It’s Wednesday, the day when we talk marriage! I introduce a topic, and then you follow up either by commenting or by writing your own post and then linking up!
Today I’m wondering: Do you struggle with praying with your husband?
Had a whole lot of comments, because this is obviously a deeply emotional subject for many women. So I thought it would make a great Wifey Wednesday post!
First, let me say that prayer is incredibly intimate and incredibly important. I’ve never completely understood prayer, even though I’ve studied it a ton. I have prayed for a lot of very important things in my life (including my son to be spared death) that God did not choose to answer the way I wanted. So I have struggled with the question: does prayer do any good?
And yet I know that prayer changes me, and that when I pray, I just feel better. I see things happening.
When we pray with another person, there’s even more power, and I think there’s a deep joining of the spirits. It’s a lovely, intimate experience, whether it’s praying with your children or your husband or a friend.
Nevertheless, many of us struggle with it because we struggle with praying out loud in the first place. We feel awkward, and so it’s awkward to pray with our husbands. Even if we want to, and even if we know it would help our relationship, we’re reluctant to push it because it’s easier to live in the status quo and not have to face our own insecurities.
Or perhaps we don’t push it because we’re afraid he’ll say no! Some of us aren’t married to men that are strong Christians, and even though we may want to pray with them, it seems as if that’s not going to happen.
Here, then, are some thoughts on how you can bring prayer more into your couple life:
1. Start with reading Scripture. If prayer is a stretch, try reading a Psalm together at night. Most of them are phrased as prayers anyway, and after reading it, you could always choose one verse to read out loud again as a prayer. That’s not as intimidating, and as you get more comfortable with that, you’ll likely be able to lead up to something more!
2. Ask if he would mind if you prayed about something specific. Saying “can we pray together” is more intimidating than, “can we take a moment and pray about Johnny’s bullying situation at school?” The former sounds like anything from “I want to pray for two hours on my knees with you” to “I want to pray that our marriage will completely turn around.” He may not know what to make of it. Start with something specific, with boundaries around the request, and he may be more likely to say yes.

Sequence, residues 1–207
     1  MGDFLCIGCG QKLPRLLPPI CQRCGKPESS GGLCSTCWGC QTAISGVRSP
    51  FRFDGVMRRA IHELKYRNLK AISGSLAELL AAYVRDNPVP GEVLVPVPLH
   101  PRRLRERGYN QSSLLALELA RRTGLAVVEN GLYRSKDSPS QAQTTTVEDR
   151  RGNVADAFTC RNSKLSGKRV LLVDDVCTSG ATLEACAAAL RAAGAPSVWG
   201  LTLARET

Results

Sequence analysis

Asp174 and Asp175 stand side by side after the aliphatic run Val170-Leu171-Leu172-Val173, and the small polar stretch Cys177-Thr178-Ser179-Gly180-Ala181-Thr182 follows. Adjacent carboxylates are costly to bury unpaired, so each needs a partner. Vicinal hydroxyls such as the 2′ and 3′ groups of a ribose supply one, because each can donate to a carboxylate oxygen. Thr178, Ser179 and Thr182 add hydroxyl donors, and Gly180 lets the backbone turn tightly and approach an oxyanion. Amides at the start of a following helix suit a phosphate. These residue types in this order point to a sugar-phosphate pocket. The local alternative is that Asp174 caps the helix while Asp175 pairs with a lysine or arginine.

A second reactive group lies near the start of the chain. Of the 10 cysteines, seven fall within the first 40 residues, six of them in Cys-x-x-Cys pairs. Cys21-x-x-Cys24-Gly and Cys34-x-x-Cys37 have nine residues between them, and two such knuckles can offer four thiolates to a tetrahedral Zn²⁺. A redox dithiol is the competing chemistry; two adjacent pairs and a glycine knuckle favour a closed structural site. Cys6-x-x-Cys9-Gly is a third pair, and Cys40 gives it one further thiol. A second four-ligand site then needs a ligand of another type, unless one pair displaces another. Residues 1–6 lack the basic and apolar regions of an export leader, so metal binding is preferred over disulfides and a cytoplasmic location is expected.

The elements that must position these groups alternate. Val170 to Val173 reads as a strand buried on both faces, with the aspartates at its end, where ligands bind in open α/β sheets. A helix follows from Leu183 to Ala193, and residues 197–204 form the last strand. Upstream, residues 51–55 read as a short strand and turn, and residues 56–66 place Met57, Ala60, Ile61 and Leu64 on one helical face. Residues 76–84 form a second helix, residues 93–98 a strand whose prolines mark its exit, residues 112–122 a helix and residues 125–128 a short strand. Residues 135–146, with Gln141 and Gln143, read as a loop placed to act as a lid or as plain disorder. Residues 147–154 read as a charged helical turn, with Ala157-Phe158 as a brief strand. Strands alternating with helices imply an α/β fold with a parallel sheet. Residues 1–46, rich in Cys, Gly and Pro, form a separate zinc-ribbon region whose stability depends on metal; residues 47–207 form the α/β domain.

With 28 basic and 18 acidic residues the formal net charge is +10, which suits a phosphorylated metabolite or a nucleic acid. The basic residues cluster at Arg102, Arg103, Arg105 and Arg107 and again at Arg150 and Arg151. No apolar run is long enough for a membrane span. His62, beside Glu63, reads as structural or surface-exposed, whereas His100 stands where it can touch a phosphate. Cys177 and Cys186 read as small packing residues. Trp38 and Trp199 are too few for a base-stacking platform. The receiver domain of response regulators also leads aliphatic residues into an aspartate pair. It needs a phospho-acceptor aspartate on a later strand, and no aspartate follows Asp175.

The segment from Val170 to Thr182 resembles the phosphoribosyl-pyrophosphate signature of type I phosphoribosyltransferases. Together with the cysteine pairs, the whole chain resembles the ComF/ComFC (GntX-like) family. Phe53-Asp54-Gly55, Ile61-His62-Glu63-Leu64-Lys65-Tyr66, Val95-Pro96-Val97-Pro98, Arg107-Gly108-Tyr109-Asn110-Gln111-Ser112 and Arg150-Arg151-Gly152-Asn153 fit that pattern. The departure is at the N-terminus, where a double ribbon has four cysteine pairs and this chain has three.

3. If he’s uncomfortable praying out loud, then when you pray out loud, don’t be too flowery. Just be honest before God. You don’t need to embellish or try to fill in a lot of time to make up for what your husband isn’t doing. Try to be on the same level; if he’s more comfortable with just a few sentences, then utter just a few sentences yourself. That way it doesn’t seem as if this is something that you are primarily doing and he is along for the ride; it’s something that you do together. And remember: there’s nothing wrong with praying a few sentences out loud together, and then praying silently together.
4. Touch when you pray. My husband and I have made it a habit to hold hands every time we pray together, whether it’s at night or for grace before meals. Prayer is a time for us to touch and focus in unison on God. It makes prayer more intimate, and it draws you together!
5. Pick a consistent time to pray. If you pray every night over the baby’s crib, for instance, or every night in bed together, then you’re more likely to keep doing it! You can always pray at other times of the day, too, but trying to develop habits makes it more likely to keep going!
6. Buy a book of prayers. I know my ultra-evangelical friends will be turned off by this, but hear me out. For a time our family attended an Anglican church, and the prayers in the prayer book really are beautiful. We left that church when we moved and go to a more traditional evangelical one now, but both Keith and I miss the depth of the prayers. Keith has bought a few books of prayers, and every now and then leads the family in them, especially when we’re on holidays together.
There’s nothing wrong with a written prayer, as long as your heart is in agreement. You may prefer that prayer be spontaneous, but if people are more comfortable reading it, is that really so bad? If your both feeling so awkward that you can’t pray out loud together, then think about the option of buying a book of prayers, or using an Anglican/Episcopalian prayer book. They really do have lovely prayers!
Another option is to buy a book of devotions that you and your husband can do together. These usually have great discussion starters, and often include some prayer points that make prayer easier. Look for these at any Christian bookstore.
UPDATE: I’m getting comments by people who usually don’t pray with their spouse, so I’m wondering…do most of us? Or is this a challenge for many couples? Can you take my poll and tell me! Thanks!